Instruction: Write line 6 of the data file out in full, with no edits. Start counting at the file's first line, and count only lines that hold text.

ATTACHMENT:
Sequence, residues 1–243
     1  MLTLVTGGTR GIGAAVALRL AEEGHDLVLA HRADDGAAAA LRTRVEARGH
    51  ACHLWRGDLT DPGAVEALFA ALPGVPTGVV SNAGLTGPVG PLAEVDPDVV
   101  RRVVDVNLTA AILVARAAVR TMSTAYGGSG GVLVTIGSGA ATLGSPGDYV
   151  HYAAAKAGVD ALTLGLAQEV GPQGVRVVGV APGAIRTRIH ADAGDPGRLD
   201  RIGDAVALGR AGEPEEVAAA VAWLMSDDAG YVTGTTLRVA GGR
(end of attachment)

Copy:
   201  RIGDAVALGR AGEPEEVAAA VAWLMSDDAG YVTGTTLRVA GGR